Effects of Nesiritide and Predictors of Urine Output in Acute Decompensated Heart Failure: Results from ASCEND-HF.

University of Maryland School of Medicine, Baltimore, MD. Electronic address: .
Journal of the American College of Cardiology (Impact Factor: 16.5). 06/2013; 62(13). DOI: 10.1016/j.jacc.2013.04.073
Source: PubMed


OBJECTIVES: To determine if nesiritide increases diuresis in congestive heart failure (CHF) patients. BACKGROUND: In ASCEND-HF, 7141 patients hospitalized with acute decompensated heart failure (ADHF) were randomized to receive nesiritide or placebo for 24-168 hours, in addition to standard care. There were minimal effects of nesiritide on survival, future hospitalizations, and symptoms. However, whether or not nesiritide increases diuresis in ADHF patients is unknown. METHODS: Urine output was measured in 5864 subjects; of these, 5320 received loop diuretics and had dose data recorded. Loop diuretics other than furosemide were converted to "furosemide equivalent doses." A total of 4881 patients had complete data. We used logistic regression models to identify the impact of nesiritide on urine output and the factors associated with high urine output. RESULTS: Median (25(th), 75(th) %) 24 hour urine output was 2280 (1550, 3280) ml with nesiritide and 2200 (1550, 3200) ml with placebo (p=NS). Loop diuretic dose (furosemide equivalent) was 80 (40, 140) mg with both nesiritide and placebo. Diuretic dose was a strong predictor of urine output. Other independent predictors included: male sex, greater body mass index, higher diastolic blood pressure, elevated jugular venous pressure, recent weight gain, and lower blood urea nitrogen (BUN). The addition of nesiritide did not change urine output. None of the interaction terms between nesiritide and predictors affected the urine output prediction. CONCLUSIONS: Nesiritide did not increase urine output in patients with ADHF. Higher diuretic dose was a strong predictor of higher urine output, but neurohormonal activation (as evidenced by BUN concentration) and lower blood pressure limited diuresis.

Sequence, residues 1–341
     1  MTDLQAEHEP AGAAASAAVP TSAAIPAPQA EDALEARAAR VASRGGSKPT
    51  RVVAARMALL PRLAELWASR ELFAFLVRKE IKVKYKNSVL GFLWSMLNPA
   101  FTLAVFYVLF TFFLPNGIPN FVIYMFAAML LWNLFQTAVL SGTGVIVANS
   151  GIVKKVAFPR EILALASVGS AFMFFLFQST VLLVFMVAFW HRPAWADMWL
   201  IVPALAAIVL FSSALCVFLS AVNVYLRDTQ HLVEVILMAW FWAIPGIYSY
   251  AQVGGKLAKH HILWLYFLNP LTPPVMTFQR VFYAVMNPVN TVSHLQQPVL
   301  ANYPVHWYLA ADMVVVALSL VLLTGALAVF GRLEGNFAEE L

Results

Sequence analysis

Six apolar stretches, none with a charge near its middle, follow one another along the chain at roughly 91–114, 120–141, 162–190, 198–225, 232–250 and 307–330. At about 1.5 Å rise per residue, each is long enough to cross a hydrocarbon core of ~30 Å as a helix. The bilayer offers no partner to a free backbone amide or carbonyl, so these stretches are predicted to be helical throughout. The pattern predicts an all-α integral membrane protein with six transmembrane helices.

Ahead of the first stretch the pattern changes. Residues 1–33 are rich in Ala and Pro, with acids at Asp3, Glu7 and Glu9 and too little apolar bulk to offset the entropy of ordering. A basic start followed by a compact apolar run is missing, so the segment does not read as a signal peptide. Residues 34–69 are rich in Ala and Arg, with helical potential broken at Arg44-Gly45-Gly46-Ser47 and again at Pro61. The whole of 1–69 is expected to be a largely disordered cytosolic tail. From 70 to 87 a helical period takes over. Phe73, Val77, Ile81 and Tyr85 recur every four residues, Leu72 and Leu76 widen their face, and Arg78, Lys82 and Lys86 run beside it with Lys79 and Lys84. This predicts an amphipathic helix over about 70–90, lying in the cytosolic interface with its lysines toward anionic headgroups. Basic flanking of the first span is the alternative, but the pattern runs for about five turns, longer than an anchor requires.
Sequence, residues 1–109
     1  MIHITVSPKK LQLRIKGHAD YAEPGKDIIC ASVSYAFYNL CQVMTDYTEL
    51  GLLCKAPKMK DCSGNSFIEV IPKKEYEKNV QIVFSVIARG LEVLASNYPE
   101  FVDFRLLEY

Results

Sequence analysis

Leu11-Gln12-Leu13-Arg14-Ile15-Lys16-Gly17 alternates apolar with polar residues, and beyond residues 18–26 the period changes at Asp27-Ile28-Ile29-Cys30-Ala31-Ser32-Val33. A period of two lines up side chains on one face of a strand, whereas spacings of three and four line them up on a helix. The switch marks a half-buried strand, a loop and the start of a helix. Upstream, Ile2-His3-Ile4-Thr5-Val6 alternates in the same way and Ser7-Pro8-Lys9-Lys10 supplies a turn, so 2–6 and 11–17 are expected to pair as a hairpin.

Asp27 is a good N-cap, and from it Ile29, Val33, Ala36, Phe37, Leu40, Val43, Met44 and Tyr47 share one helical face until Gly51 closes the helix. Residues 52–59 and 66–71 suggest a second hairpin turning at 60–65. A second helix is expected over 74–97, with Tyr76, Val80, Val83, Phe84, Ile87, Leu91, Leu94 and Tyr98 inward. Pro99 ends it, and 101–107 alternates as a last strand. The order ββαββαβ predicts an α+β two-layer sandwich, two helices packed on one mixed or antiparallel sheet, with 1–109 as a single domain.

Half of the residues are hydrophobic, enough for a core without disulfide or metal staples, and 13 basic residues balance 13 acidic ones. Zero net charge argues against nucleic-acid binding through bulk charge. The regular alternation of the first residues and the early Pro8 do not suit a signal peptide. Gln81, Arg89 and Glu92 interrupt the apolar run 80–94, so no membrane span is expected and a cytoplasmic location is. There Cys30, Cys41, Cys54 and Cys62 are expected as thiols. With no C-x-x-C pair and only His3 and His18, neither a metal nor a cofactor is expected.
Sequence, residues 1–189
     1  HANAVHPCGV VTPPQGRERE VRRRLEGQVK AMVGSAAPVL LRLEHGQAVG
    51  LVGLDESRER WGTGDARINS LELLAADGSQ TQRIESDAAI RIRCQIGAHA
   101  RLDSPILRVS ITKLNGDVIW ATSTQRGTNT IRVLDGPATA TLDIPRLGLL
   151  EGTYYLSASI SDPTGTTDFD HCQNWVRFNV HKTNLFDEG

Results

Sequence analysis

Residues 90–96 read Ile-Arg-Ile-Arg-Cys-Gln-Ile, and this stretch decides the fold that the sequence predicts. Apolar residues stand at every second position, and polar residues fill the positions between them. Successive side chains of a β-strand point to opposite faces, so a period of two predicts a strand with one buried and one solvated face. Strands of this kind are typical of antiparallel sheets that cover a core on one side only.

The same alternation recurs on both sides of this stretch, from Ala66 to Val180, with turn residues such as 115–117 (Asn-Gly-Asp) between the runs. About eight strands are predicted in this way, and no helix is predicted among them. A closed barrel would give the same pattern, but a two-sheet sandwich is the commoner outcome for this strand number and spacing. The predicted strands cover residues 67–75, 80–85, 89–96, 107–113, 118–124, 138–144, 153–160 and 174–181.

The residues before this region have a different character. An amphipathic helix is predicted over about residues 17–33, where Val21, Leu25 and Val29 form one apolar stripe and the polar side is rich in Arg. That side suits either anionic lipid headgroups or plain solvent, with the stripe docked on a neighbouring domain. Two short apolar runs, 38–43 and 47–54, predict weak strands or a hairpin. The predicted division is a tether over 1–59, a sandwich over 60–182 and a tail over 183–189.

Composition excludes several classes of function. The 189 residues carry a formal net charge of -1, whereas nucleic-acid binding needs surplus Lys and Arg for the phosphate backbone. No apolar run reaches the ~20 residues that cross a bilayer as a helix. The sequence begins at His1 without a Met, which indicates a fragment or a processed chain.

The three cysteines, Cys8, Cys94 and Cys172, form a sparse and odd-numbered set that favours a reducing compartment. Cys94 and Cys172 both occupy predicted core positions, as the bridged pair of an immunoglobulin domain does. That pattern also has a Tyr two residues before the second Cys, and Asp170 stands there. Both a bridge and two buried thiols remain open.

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Available from: Justin Ezekowitz, Sep 03, 2015
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